As a teen growing up, we find ourselves forming interests, hobbies, friendships, and passions that develop our character and often last a lifetime. For many, role-playing games are a way to explore their identity and create a shared experience with others. For one of our residents at Hope Street Terrace, he and his friends would spend hours on end sitting in a basement or around a kitchen table playing Dungeons and Dragons.

Bill started to play Dungeons and Dragons back in 1984 with the release of what fans of the game refer to as The Red Box. Using their imagination, creativity, and the luck of the dice, Bill and his friends from high school and college would collectively create and explore worlds, solve puzzles, and defeat monsters.

While time and distance would see some friends move and new friends join, one thing always brought them back together, that was their next adventure in Dungeons and Dragons. Bill and his friends spent about 20 years creating worlds, fleshing out their characters and their intricate backstories, fighting monsters all the while sharing in this collective experience with others.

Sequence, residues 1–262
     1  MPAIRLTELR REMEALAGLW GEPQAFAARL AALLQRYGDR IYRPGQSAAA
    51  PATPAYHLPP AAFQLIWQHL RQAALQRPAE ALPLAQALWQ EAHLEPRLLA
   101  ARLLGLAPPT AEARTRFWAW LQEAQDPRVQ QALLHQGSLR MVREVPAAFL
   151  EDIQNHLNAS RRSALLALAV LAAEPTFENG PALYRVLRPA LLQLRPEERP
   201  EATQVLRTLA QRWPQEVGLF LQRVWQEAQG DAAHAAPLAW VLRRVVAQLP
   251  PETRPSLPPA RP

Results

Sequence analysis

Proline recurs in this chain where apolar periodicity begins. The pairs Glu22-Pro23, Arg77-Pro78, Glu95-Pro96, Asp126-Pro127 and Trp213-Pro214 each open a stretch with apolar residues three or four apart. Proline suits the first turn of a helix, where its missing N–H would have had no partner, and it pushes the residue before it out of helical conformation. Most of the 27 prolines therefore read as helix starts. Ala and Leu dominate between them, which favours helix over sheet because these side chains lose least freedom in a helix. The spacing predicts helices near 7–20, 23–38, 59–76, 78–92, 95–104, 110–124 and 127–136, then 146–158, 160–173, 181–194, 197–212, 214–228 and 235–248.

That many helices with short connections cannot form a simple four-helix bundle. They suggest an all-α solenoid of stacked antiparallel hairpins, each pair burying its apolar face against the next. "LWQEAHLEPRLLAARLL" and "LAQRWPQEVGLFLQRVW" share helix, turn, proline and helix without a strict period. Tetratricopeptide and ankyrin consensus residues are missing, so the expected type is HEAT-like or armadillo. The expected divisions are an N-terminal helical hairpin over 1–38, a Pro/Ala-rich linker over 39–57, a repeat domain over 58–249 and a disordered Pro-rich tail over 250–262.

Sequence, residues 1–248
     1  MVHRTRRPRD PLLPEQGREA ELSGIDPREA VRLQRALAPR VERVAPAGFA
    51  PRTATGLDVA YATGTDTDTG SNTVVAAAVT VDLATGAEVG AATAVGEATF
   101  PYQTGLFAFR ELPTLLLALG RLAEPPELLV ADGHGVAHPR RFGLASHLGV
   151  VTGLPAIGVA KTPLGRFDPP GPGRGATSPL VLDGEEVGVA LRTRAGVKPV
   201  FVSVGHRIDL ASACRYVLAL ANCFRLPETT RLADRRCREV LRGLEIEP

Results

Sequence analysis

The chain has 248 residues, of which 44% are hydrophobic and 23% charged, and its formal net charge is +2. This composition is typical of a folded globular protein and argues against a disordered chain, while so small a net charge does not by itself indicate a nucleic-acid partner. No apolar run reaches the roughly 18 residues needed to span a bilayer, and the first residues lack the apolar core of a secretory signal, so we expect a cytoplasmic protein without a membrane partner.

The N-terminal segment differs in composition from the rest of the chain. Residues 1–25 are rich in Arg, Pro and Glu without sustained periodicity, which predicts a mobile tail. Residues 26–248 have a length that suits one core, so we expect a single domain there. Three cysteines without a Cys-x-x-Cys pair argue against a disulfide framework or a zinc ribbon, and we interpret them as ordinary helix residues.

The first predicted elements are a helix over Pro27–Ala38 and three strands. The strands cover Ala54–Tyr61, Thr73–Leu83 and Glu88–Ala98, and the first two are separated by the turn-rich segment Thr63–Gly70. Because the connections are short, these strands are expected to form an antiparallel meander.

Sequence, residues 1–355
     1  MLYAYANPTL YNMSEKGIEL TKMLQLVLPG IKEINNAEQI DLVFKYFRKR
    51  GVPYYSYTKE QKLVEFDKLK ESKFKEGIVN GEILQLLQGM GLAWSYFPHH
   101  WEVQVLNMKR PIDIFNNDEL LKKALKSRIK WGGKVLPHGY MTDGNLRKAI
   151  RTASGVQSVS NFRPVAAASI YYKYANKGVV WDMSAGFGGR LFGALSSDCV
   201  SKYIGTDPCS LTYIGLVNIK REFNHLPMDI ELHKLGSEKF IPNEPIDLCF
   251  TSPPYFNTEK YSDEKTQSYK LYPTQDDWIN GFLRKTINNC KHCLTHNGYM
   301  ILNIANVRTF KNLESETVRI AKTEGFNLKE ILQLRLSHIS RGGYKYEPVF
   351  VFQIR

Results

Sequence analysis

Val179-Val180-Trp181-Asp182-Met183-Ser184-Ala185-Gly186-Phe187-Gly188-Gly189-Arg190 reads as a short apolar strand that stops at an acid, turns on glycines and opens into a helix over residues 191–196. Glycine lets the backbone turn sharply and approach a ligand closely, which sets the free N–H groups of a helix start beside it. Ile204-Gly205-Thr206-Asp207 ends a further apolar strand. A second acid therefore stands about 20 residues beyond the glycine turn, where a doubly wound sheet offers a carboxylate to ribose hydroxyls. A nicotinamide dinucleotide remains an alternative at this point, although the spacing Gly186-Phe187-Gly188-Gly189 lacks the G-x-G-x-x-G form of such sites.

It had been 20 years since Bill had last played. Bill has been dreaming of the day that he could play once again. Despite a global pandemic, through the use of imagination, creativity, and the luck of the dice, on the 4th of November, the staff were able to turn a pen-and-paper board game with physical pieces into a virtual experience so Bill could play Dungeons and Dragons once again. More importantly, he got to share in the passion of it with his new friends at Hope Street Terrace. When we finished, on a cliff hanger as many of these sessions do, Bill said, “That was awesome! I wish we could go longer. Can we do this again?”. We are excited to do this again, but this could not have been possible without the dedicated staff at Hope Street Terrace and their commitment to making dreams a reality through the Bridge to Dreams program.